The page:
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Despite what many of today’s headlines read, the results from Tuesday’s balloting don’t amount to a GOP defeat or a Democratic win. They’re simply barometer readings.

Still, America’s progressives can breathe a sigh of relief at the fact that the anti-Obama, far-right conservatism that seemed to be sweeping the nation since last year is either waning or was never as deep as many people thought it was. Across the country, for the most part, conservative initiatives were struck down from Ohio to Mississippi, from Maine to, well, Mississippi.

Most Democrats kept their jobs, too. The Democratic governor of Kentucky, Steve Beshear, won reelection in the state that elected the ultraconservative Rand Paul to the U.S. Senate in the Republican tsunami of 2010. Baltimore, Philadelphia and Phoenix kept their Democratic mayors, and Edwin M. Lee, the son of Chinese immigrants, is on the verge of become San Francisco’s first Chinese-American mayor. (Diversity is a win for progressives.)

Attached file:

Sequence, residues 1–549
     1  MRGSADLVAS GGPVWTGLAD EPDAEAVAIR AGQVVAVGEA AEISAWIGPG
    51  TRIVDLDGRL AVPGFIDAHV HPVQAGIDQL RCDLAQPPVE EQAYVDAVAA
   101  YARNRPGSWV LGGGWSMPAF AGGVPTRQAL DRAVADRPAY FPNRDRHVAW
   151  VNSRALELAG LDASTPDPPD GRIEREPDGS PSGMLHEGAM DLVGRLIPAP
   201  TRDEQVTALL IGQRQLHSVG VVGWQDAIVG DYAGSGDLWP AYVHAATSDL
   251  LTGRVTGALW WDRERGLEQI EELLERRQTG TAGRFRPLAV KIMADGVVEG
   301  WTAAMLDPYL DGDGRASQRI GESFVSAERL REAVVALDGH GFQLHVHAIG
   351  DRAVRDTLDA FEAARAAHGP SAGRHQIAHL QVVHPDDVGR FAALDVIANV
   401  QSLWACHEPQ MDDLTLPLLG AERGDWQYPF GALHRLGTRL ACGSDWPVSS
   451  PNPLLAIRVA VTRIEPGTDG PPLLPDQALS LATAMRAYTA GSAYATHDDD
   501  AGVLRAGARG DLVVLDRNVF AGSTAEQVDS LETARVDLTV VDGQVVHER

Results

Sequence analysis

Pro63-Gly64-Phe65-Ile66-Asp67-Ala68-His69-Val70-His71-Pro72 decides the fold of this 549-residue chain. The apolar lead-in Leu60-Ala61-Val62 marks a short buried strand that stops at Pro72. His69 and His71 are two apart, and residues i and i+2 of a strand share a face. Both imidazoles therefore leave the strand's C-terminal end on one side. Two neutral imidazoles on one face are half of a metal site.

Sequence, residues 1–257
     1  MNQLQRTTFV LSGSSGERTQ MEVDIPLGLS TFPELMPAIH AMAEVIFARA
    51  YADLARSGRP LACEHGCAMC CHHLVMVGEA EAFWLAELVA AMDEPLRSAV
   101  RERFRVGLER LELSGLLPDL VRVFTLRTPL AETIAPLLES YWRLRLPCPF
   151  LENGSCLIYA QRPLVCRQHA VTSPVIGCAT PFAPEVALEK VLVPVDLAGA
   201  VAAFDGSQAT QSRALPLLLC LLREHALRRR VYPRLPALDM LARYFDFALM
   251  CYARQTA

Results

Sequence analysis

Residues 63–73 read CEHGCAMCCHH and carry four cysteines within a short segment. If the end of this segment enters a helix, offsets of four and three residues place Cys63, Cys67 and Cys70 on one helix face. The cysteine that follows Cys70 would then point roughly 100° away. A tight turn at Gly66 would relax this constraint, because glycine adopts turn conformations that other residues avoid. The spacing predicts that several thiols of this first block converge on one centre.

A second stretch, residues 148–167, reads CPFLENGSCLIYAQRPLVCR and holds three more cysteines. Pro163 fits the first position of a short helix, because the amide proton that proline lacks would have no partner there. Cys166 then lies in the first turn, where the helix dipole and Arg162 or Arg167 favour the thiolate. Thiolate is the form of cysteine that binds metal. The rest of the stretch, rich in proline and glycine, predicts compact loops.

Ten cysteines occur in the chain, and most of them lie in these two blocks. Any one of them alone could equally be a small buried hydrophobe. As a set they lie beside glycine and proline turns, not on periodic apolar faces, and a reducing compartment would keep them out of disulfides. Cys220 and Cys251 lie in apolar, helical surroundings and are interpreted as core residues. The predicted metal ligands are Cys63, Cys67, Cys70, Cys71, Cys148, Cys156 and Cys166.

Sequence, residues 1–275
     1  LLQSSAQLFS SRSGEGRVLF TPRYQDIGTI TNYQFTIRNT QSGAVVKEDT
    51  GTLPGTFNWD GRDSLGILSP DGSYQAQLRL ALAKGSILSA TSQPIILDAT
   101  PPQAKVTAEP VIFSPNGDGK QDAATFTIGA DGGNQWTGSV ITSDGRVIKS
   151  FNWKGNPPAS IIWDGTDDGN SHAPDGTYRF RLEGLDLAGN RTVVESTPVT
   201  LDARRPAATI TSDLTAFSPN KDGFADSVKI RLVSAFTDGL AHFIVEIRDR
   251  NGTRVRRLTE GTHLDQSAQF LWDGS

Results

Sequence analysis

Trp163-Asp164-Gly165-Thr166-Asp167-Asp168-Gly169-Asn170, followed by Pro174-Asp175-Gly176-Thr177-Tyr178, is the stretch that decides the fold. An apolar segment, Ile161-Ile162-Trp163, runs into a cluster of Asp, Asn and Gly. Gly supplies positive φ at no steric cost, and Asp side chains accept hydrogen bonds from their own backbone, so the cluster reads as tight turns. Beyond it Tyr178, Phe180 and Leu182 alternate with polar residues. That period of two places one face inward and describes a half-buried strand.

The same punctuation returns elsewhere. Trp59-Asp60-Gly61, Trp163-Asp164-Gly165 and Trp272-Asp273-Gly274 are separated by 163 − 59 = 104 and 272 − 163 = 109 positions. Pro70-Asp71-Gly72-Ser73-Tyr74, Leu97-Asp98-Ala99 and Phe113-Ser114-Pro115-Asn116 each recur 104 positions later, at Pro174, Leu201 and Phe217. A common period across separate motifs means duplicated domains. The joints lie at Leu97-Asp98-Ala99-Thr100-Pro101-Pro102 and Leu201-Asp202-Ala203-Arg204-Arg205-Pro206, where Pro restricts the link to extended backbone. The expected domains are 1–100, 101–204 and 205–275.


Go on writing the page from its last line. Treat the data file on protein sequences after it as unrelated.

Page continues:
Surprisingly enough – and even more refreshing news for the nation’s left – one politician who did not win reelection last night was the Republican state senator from Arizona, Russell Pearce, who was the lead author of the state’s controversial immigration law. Pearce, president of the state senate, is the first state senator to be recalled in Arizona history.

Last night, however, was not a victory for the Democrats. Most Republican officials kept their jobs too, and the GOP nearly gained control of the state senates in Virginia and Iowa, which would’ve given them complete control of the governments in those states. (Side note: It’s still not clear which party will control the Virginia State Senate, and a 20-20 tie would be a win for the GOP; the tiebreaker, Virginia’s lieutenant governor, is a Republican.)

For progressives and the Democratic Party, the events of last night represent a reassurance that all is not lost. Democratic values are still popular in America, and the party could even see a major resurgence next November – that is, if the party’s voters show up to the polls.